Increased doses of 'miracle' heart drug needed to save lives

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They are the miracle drugs of the 21st century and already they have saved tens of thousands of people with heart disease around the world. But doctors say the cholesterol-lowering medicines called statins, whose impact on heart disease has been compared to that of penicillin on infectious disease 60 years ago, have been prescribed in doses that are too low.

They are the miracle drugs of the 21st century and already they have saved tens of thousands of people with heart disease around the world. But doctors say the cholesterol-lowering medicines called statins, whose impact on heart disease has been compared to that of penicillin on infectious disease 60 years ago, have been prescribed in doses that are too low.

Heart specialists say patients need up to eight times more statins than the present recommended dose to give maximum protection against heart disease. But they warn that the new evidence on the best way of tackling heart disease has huge cost implications which could bankrupt health systems.

An estimated 200 million people worldwide need treatment for heart disease but fewer than 25 million are taking statins. In Britain, some doctors have estimated that up to eight million people could benefit from treatment with the cholesterol-lowering drugs but only one million are receiving them.

A US study of more than 4,000 patients which compared high- and low-dose statins found those on the high dose (80 mgs of atorvastatin) had 16 per cent fewer coronary events, including heart attacks, and a 28 per cent reduction in deaths from all causes. Coronary heart disease causes 120,000 deaths and 275,000 heart attacks a year in Britain, so reductions of this order would save tens of thousands of lives.

The benefit of the higher dose of the drug became clear within a month and persisted through the three years of the study, at the Brigham and Women's Hospital and Harvard Medical School in Boston. The results, to be published in the New England Journal of Medicine, were released online yesterday. An editorial says the findings herald a "sea change in cardiovascular prevention".

More than a decade ago, statins were established as the most effective drugs in the treatment of heart disease, with initial falls of 25 per cent in heart attacks. The benefits were so dramatic that by the mid-1990s prominent heart specialists were predicting that heart disease would be eliminated by the end of the century.

Later studies showed even greater effects. A European trial involving 19,000 patients, of whom 9,000 were from Britain, published in 2002, showed statins cut the incidence of heart attacks and strokes by a third. The size of the effect astonished researchers because the patients had normal cholesterol levels and were considered at only moderate risk of heart disease.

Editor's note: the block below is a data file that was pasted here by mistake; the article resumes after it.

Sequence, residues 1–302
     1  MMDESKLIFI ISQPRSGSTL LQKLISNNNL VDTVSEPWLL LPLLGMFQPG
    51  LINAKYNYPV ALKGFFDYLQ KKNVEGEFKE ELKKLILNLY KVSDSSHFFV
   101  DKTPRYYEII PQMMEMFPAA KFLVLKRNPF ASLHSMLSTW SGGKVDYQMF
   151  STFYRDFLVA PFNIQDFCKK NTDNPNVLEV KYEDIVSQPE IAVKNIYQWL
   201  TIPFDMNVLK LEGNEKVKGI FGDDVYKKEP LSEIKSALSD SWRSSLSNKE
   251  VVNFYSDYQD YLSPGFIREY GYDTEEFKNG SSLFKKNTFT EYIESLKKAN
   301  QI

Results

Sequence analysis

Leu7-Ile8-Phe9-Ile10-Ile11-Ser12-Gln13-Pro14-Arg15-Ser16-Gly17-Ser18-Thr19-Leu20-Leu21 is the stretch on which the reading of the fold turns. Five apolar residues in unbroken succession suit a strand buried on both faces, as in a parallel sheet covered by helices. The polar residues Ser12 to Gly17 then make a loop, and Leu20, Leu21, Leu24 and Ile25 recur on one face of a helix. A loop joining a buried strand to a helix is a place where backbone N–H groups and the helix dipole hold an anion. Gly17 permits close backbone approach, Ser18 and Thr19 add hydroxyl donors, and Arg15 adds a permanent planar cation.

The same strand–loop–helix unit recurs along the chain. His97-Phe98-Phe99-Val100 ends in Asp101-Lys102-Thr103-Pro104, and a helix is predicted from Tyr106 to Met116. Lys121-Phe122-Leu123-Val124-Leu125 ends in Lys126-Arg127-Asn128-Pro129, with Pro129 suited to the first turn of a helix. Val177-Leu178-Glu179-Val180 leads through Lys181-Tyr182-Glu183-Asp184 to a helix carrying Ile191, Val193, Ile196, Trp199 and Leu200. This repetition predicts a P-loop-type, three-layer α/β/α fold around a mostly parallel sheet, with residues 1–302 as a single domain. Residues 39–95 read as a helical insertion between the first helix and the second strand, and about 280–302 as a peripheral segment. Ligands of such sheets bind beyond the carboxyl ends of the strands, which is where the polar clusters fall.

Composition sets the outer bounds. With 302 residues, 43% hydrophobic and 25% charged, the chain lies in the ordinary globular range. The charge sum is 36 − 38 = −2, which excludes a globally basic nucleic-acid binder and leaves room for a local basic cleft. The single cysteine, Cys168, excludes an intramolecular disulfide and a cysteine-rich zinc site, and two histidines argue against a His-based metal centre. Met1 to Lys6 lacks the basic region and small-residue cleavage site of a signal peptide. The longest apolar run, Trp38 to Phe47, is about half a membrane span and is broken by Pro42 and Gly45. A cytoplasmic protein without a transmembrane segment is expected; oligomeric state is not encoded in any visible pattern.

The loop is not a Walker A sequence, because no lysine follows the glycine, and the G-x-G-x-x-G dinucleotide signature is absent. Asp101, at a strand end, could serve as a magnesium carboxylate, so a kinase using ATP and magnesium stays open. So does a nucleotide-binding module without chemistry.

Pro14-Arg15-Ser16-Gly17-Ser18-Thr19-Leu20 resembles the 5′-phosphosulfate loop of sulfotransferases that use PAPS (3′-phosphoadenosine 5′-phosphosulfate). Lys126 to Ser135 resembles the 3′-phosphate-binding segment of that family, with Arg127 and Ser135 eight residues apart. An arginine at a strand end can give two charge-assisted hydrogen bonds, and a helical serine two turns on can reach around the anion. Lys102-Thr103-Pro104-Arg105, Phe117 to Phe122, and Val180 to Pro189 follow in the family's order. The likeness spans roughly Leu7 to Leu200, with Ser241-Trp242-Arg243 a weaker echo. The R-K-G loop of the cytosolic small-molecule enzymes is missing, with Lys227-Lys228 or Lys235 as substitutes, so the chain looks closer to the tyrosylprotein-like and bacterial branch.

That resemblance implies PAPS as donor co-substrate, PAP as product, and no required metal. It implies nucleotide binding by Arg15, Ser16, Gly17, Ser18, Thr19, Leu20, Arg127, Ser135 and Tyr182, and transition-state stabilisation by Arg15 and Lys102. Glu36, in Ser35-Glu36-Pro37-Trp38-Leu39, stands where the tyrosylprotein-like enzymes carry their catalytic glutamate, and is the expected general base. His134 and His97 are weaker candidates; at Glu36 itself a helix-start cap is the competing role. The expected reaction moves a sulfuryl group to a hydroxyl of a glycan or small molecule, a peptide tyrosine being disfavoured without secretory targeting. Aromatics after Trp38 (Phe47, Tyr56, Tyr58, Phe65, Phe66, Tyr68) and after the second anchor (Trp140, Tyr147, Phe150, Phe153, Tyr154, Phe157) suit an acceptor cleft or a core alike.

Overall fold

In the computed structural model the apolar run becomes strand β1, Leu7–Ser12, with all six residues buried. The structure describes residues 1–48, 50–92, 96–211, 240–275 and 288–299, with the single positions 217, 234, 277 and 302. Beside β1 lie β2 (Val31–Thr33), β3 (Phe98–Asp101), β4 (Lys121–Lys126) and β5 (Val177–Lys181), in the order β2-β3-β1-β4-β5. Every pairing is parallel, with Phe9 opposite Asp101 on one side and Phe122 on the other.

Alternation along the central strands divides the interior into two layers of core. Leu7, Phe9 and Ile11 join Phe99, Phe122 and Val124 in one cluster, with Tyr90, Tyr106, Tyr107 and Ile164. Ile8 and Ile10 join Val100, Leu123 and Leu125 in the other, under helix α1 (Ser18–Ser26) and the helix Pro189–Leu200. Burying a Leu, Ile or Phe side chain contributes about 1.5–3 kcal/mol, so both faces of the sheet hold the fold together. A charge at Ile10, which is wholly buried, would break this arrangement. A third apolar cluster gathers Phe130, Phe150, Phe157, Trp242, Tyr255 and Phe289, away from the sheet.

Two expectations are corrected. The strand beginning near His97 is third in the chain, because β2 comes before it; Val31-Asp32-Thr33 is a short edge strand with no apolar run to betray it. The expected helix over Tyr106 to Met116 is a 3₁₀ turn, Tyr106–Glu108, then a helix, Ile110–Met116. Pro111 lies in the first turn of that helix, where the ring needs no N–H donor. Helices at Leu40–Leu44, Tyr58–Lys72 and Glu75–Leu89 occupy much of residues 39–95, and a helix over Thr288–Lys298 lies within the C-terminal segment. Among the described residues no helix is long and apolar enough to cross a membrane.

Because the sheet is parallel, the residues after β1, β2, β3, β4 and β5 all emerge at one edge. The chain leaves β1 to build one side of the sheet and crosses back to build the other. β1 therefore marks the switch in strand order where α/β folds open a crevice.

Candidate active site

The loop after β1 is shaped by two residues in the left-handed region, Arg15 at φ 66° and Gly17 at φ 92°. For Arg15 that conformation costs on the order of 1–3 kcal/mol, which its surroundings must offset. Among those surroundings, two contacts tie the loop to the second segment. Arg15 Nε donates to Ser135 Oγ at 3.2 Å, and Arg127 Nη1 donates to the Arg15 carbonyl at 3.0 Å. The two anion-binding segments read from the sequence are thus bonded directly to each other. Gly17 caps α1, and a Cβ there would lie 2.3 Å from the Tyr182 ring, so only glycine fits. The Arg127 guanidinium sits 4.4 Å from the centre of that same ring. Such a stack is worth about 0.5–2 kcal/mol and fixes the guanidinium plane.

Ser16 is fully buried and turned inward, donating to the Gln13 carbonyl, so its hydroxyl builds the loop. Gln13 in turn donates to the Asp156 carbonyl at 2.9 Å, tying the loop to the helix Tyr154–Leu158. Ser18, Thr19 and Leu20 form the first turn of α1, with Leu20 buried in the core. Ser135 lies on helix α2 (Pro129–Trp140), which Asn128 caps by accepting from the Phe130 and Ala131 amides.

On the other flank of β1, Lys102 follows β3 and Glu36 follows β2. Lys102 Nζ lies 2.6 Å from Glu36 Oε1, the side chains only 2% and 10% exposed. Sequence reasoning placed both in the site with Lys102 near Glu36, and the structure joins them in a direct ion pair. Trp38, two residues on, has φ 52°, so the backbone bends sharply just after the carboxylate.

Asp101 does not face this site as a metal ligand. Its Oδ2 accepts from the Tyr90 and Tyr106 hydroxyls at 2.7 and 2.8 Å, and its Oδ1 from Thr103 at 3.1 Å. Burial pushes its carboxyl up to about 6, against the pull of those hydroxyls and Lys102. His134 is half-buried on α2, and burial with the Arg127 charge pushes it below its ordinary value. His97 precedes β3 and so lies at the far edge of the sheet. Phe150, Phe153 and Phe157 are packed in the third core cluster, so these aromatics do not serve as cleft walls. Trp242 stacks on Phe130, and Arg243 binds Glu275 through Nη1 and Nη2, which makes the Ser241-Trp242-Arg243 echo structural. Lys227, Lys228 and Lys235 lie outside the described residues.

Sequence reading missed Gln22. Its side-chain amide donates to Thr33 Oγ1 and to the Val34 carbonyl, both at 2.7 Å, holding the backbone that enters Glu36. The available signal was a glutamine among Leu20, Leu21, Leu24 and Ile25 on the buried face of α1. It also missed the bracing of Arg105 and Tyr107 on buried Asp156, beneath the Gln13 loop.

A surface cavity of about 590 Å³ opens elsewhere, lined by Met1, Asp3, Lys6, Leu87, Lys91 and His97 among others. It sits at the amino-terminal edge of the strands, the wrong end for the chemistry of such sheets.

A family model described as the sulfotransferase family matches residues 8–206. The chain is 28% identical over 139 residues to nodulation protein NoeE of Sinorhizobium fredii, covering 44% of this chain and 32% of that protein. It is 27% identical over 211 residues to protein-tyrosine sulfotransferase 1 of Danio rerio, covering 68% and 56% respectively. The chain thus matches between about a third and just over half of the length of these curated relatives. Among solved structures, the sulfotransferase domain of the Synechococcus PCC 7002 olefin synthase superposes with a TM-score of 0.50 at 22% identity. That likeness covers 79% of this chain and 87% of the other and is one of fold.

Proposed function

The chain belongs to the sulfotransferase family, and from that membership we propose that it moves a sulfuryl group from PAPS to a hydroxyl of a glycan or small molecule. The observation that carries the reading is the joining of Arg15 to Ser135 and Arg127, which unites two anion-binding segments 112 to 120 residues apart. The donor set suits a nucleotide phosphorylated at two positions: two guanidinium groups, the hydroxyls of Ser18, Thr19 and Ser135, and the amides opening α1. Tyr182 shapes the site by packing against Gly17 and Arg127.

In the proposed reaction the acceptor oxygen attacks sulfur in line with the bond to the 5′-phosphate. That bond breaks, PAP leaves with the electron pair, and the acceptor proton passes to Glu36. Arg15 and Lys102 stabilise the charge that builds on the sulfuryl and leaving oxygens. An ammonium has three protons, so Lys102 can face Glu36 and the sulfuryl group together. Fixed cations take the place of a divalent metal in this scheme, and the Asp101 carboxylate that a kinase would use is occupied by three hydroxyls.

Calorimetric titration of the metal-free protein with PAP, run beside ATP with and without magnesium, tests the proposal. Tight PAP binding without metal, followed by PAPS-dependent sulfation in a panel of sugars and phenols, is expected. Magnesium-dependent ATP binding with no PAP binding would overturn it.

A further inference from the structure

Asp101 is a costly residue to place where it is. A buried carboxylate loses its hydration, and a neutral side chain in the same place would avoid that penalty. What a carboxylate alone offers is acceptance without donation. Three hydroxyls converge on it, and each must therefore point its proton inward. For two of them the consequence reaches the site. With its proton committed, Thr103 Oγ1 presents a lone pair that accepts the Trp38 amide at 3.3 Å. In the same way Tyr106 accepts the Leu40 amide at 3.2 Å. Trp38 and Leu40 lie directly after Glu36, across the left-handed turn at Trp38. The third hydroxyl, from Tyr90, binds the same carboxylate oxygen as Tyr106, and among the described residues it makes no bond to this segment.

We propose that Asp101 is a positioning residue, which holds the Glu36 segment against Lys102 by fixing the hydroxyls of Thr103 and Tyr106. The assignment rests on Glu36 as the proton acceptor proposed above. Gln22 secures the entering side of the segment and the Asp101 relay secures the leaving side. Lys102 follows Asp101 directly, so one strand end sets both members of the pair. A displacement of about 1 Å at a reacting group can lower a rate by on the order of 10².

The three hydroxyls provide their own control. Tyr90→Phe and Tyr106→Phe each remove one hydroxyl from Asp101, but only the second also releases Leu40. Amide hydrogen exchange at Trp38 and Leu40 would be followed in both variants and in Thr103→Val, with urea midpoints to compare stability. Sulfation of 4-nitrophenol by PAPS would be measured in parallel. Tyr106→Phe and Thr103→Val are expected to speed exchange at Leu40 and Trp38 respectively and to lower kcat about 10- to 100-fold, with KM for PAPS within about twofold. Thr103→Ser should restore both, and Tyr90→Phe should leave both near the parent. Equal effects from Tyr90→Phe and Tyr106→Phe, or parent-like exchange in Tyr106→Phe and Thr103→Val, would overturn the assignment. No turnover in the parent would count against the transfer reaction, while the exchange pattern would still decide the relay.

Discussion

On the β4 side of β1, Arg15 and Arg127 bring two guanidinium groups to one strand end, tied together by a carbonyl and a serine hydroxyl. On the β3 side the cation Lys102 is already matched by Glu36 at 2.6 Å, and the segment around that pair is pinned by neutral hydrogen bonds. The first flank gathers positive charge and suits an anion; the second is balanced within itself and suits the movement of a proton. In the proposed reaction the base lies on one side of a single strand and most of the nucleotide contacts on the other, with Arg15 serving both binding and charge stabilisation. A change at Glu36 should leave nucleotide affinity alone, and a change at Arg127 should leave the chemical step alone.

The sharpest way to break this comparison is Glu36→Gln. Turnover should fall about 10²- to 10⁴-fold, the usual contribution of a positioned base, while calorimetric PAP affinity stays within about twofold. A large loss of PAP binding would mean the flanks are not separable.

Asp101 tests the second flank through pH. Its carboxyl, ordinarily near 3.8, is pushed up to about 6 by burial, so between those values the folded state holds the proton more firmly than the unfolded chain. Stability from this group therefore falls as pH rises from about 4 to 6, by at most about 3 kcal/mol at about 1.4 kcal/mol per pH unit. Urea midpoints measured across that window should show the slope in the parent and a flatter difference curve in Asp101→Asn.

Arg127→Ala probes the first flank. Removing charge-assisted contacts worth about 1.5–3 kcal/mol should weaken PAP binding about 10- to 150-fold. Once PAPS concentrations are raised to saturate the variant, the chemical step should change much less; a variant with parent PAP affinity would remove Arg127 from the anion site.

The effects on heart disease were so great that researchers asked whether they could all be attributed to the reduction in cholesterol. Statins have since been shown to have beneficial effects in a wide range of diseases, including multiple sclerosis, Alzheimer's and some types of cancer which doctors believe may be attributable to their anti-inflammatory action.

But the optimum dose of statins remained unclear and new trials have been established to compare different doses. The trial at Brigham and Women's Hospital is one of the first to report and the Journal describes the findings as a "major surprise" and a "turning point". But it warns that for most patients the problem is getting access to the drugs. "Only a fraction of the patients who should be treated with a statin are actually receiving such therapy," it says. "One of the most important reasons for this degree of under-treatment is cost, and more aggressive use of statins may exacerbate the problem."

Statins take up the largest proportion of the US drugs bill at $12.5bn (£6.8) a year. In Britain, where prescribing has not caught up with the latest research, spending is estimated at £700m. The Wanless review of future costs on the NHS published in April 2002, estimated spending would reach £2.1bn by 2010 as more patients were prescribed the drugs. But the Journal study results are likely to increase that bill. The recommended starting dose of atorvastatin is 10 mgs a day which costs £216 a year per adult in the UK. If this were increased, as recommended, to 80 mgs a day, the cost would rise to £360 a year. That could fall after 2010 as statins come off patent and patients switch to cheaper generic drugs.

Tom Bowker, a heart specialist at the British Heart Foundation, said: "The more you can reduce cholesterol the more you are likely to gain from it. But weight, smoking and age are all important. You have to look at the patient as a whole."

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